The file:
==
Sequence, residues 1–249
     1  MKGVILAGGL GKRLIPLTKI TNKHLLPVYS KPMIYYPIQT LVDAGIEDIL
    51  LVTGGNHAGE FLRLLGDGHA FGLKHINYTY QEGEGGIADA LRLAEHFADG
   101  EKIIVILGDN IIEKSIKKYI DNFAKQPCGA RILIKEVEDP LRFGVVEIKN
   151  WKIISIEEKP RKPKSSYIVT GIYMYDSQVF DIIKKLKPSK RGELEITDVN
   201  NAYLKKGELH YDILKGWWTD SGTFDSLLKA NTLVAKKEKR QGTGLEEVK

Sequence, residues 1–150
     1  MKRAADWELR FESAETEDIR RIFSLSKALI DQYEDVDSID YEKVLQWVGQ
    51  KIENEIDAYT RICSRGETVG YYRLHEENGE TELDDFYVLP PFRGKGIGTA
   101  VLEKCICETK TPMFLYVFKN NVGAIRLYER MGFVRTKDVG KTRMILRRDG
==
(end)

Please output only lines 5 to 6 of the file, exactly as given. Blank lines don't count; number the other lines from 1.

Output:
   151  WKIISIEEKP RKPKSSYIVT GIYMYDSQVF DIIKKLKPSK RGELEITDVN
   201  NAYLKKGELH YDILKGWWTD SGTFDSLLKA NTLVAKKEKR QGTGLEEVK